might have. We must ask people how they are motivated to
become involved and how they connect with other people to get
action to happen. We must ask what would motivate people to be
What would motivate people to pay attention to significant
policy issues? What are the obstacles that prevent people from
participating? To us it seems obvious that they ought to pay
There are young people who want to make a difference and
and are intensely interested in big ideas. Is education doing
an adequate job of helping them learn the concrete steps to
take that would make a difference?
One interviewer put forth a proposal
to simplify the Civic Caucus mission to making Minnesota better.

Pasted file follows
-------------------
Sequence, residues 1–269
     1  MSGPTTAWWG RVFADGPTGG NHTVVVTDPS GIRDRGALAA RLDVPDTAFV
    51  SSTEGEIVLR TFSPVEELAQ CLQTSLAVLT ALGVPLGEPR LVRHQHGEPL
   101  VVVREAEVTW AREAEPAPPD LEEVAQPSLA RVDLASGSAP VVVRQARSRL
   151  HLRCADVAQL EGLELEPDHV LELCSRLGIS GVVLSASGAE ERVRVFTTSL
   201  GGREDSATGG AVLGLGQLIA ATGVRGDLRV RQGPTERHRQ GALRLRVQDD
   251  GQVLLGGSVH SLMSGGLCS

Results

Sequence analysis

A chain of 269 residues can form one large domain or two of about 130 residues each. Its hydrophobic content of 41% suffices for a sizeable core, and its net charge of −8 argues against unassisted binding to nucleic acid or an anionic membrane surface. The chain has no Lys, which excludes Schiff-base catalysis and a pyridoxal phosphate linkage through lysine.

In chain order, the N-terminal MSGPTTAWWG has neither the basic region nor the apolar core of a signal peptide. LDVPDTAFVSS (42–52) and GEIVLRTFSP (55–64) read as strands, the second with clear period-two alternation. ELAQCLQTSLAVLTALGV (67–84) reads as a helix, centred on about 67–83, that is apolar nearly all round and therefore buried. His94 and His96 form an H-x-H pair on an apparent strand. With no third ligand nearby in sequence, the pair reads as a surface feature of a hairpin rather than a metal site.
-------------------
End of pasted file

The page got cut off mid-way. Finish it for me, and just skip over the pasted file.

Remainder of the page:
He suggested a role for the Civic Caucus in moving the
needle on making Minnesota better.
Evaluation and feedback are critical parts of the classic
business P-I-E model
: Planning leads to Implementation,
which leads to Evaluation, which leads to feedback for
improvement back to the planning step. That should result in
doing more of what works and correcting what doesn't.
Importance of planning.
Planning is fun and glamorous.
Where it breaks down is finding people to slug out the
nitty-gritty of implementing the plans. And the planners don't
want to discover through evaluation that their plans were too
complex or were a complete failure.
The Civic Caucus should consider shifting its main focus
from the planning stage to the implementation and evaluation
stages by (1) identifying and publicizing key state issues and
(2) publicizing how current state actions are really doing,
using actual, timely data.
The underlying assumption is that making Minnesotans (and,
hence, key government decision makers) keenly aware of these
two things will stimulate constructive action.